Some cancer tumours 'immune to common chemotherapy'

28 March 2012

Some breast cancer tumours may be able to fight off the effects of chemotherapy treatment, new research has found.

A team of scientists at the University of Alberta have been successful in discovering tumours which contained low levels of certain genes.

Due to this design, the tumours did not respond too well when subjected to taxane chemotherapy, a common treatment for thwarting breast cancer development.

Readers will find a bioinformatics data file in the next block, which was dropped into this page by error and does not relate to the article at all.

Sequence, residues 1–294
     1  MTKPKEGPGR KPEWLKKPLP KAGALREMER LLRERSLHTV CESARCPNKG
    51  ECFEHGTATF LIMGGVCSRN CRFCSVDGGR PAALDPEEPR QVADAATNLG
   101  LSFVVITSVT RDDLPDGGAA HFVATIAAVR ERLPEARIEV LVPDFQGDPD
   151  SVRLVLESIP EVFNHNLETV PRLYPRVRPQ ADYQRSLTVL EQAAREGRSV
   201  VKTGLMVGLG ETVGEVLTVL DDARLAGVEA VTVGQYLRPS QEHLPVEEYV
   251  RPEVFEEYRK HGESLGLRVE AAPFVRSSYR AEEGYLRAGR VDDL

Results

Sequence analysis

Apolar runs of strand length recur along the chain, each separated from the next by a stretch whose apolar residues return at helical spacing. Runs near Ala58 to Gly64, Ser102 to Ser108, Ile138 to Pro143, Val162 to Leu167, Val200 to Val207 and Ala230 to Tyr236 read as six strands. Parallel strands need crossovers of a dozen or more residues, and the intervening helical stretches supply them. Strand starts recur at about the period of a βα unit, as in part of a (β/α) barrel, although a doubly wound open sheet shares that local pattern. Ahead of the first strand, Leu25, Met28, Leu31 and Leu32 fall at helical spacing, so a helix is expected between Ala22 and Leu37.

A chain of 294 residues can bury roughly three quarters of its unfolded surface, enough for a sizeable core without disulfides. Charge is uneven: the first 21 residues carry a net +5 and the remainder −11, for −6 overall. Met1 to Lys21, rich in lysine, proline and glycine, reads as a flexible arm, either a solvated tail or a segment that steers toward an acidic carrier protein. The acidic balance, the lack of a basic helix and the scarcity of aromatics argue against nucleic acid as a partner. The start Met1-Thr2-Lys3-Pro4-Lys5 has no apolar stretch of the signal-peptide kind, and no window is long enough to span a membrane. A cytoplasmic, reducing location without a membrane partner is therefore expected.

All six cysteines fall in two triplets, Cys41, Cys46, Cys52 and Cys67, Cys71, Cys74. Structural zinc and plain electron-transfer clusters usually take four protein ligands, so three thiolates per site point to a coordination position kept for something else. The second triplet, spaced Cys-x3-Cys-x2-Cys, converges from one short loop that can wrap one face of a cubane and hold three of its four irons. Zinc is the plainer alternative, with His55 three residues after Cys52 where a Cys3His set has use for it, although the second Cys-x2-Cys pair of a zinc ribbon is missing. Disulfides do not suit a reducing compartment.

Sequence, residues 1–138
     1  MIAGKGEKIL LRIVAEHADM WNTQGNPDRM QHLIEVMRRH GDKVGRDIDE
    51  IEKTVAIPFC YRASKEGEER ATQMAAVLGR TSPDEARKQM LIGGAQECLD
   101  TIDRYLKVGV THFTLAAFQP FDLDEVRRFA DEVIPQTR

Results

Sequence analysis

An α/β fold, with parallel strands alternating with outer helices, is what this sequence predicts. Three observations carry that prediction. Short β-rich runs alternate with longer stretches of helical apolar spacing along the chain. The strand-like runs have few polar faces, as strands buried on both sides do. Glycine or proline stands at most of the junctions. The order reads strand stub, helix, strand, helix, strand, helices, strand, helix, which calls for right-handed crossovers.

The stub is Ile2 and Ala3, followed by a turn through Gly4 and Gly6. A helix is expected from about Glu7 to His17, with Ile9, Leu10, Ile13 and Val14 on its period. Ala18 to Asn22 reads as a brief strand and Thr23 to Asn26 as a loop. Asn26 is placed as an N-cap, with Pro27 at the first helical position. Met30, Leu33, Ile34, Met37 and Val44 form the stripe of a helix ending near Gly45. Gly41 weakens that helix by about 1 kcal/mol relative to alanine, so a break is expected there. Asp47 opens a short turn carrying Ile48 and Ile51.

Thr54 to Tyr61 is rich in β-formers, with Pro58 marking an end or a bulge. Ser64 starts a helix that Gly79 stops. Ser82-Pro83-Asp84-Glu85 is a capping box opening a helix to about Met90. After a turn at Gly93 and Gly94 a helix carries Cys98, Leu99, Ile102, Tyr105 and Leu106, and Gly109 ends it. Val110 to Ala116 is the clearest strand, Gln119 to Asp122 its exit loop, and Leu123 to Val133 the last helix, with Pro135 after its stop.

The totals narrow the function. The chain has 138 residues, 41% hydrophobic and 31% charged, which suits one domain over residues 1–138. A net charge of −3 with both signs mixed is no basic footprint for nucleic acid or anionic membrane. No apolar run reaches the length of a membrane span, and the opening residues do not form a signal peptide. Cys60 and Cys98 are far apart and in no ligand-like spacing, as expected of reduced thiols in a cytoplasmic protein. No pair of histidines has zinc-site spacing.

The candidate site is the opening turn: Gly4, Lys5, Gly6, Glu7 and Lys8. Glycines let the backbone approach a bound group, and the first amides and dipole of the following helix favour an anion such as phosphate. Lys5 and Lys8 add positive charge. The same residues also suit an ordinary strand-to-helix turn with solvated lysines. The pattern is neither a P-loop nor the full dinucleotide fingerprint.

Ing Swie Goping, a principal investigator of the research, commented: "These tumours didn't shrink and were resistant to a common chemotherapy treatment. These results give us a strong incentive to continue our research."

The researchers are now set to examine further tumour samples from thousands of patients over the next few years in order to enhance taxane chemotherapy treatments.

Recently, scientists from Queen Mary, University of London, discovered that the cancer gene FOXM1 has the ability to 'brainwash' normal cells so that they inhabit characteristics usually associated with cancerous ones.

Posted by Philip Briggs


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